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Serial measurements of weight, length, and head circumference allow for evaluation of growth patterns.

  1. Weight. Birthweight is reflective of maternal, placental, and fetal environment. During the first week of life, weight loss of 10–20% of birthweight is expected because of changes in body water. Preterm infants lose more weight and regain birthweight slower than term infants. Weight gain generally begins by the second week of life. Average daily weight gain based on normal intrauterine growth is 10–20 g/kg/d (1–3% of body weight/d).

  2. Length. Length is a better indicator of lean body mass and long-term growth and is not influenced by fluid status. Weekly assessment is recommended. Average length gain in preterm infants is 0.8–1.0 cm/wk, whereas term infants average 0.69–0.75 cm/wk.

  3. Head circumference. Intrauterine head growth is 0.5–0.8 cm/wk and is an indicator of brain growth. Premature infants exhibit catch-up growth in head circumference that may exceed normal growth rate, but an increase in head circumference >1.25 cm/wk may be abnormal and associated with hydrocephalus or intraventricular hemorrhage. Average head circumference growth is 0.9 cm/wk in very low birthweight (VLBW) infants. Head circumference is correlated with long-term neurodevelopment.

  4. Weight for length. This can be used to determine symmetry of growth. Current weight expressed as a percentage of ideal weight for length can identify infants at risk for under or over nutrition. Catch-up growth occurs faster if only weight is lagging compared with length and head circumference. Weight gain is slower in large for gestational age infants.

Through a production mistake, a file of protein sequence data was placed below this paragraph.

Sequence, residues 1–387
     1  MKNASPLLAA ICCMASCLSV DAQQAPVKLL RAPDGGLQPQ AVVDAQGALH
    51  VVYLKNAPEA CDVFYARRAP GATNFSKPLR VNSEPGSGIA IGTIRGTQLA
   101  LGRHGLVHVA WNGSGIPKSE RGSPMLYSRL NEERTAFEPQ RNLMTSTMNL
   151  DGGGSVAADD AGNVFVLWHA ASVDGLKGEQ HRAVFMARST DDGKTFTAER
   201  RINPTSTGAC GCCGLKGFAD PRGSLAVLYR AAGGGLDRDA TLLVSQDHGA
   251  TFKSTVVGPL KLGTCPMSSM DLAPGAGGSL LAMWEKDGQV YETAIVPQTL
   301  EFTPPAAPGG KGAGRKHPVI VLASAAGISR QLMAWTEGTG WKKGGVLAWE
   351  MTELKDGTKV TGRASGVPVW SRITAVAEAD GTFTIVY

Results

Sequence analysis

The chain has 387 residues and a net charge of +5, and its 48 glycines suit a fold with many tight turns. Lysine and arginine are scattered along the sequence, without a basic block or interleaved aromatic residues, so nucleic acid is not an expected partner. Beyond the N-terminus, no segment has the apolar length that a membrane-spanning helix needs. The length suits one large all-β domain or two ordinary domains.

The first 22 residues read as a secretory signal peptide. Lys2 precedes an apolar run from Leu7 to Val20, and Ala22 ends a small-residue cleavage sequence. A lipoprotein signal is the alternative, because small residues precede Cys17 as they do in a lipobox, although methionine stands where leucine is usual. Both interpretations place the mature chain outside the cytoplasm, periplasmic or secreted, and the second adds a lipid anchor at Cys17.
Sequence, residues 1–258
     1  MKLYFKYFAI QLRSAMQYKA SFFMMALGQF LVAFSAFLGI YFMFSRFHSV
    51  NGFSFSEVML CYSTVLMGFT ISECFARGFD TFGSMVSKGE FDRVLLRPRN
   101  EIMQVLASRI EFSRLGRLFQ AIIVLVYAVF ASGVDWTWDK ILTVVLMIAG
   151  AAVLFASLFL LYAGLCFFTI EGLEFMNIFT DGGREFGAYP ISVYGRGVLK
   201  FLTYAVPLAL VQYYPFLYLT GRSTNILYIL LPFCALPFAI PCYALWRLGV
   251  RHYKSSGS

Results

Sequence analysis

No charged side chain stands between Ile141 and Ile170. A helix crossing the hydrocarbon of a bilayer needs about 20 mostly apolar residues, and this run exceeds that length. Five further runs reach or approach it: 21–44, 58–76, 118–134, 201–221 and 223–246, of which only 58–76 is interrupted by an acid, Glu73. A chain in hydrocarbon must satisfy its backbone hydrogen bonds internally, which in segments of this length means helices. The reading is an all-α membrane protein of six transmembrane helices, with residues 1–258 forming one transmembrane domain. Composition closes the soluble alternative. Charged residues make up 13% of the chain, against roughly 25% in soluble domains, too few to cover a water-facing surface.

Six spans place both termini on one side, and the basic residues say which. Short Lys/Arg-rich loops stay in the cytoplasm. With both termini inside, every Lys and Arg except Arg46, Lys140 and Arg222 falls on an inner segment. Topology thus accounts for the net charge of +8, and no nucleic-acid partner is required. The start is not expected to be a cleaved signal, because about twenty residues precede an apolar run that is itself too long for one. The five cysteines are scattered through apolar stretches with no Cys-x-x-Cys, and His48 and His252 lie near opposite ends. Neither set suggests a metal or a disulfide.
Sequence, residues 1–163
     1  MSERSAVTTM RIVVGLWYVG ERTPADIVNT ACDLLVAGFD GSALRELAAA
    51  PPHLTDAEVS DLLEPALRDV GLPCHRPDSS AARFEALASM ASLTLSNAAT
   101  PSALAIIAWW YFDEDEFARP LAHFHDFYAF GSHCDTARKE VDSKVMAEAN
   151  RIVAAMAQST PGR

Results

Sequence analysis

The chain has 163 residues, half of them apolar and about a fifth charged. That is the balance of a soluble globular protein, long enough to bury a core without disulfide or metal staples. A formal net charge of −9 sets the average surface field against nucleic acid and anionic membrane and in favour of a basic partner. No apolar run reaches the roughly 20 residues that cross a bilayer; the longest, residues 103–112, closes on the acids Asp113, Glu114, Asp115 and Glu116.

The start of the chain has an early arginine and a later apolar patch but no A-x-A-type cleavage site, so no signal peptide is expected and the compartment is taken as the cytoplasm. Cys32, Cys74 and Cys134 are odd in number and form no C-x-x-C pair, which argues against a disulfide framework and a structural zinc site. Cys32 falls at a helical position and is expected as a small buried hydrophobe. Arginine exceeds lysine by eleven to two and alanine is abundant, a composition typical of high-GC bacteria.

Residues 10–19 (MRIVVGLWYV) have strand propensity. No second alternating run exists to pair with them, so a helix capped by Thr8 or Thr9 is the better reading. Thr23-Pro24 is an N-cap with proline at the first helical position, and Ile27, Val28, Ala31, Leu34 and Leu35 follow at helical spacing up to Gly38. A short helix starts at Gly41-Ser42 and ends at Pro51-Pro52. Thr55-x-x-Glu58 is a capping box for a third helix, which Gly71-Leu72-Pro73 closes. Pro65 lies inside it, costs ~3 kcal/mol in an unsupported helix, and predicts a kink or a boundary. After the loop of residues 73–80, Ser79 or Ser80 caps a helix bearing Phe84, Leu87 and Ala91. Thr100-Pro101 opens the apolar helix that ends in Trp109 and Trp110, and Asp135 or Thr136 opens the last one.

1. Measurements. Measurements of weight, length, and head circumference are plotted on growth charts to facilitate comparison with established norms. This can help to identify special needs.

  2. Growth charts. Provide longitudinal assessment of an infant's growth. Growth charts for term boys and girls are available from the Centers for Disease Control (CDC) ( and from the World Health Organization (WHO). The CDC growth charts are population-based growth reference charts, whereas the WHO charts are growth standards. The WHO charts are based on infants breast-fed from healthy women growing in an ideal socioeconomic environment. Postnatal growth differs between breast-fed and formula-fed infants. The two charts are now merged; the WHO centiles are used before 2 years and the CDC after 2 years (

    Two types of charts exist for VLBW infants: those based on intrauterine growth and those based on postnatal growth. Intrauterine growth charts provide reference standards. Variations exist in the reference populations for the various growth charts. Intrauterine growth charts are found in Chapter 5. Postnatal growth charts are limited as they do not show the “catch-up growth” or the growth velocity relative to the fetus. Assessment of postnatal growth failure is better reflected on postnatal growth charts. Normal growth customarily falls between the 10th and 90th percentiles when adjusted for gestational age. Recently, population-specific customized growth charts have been developed ...

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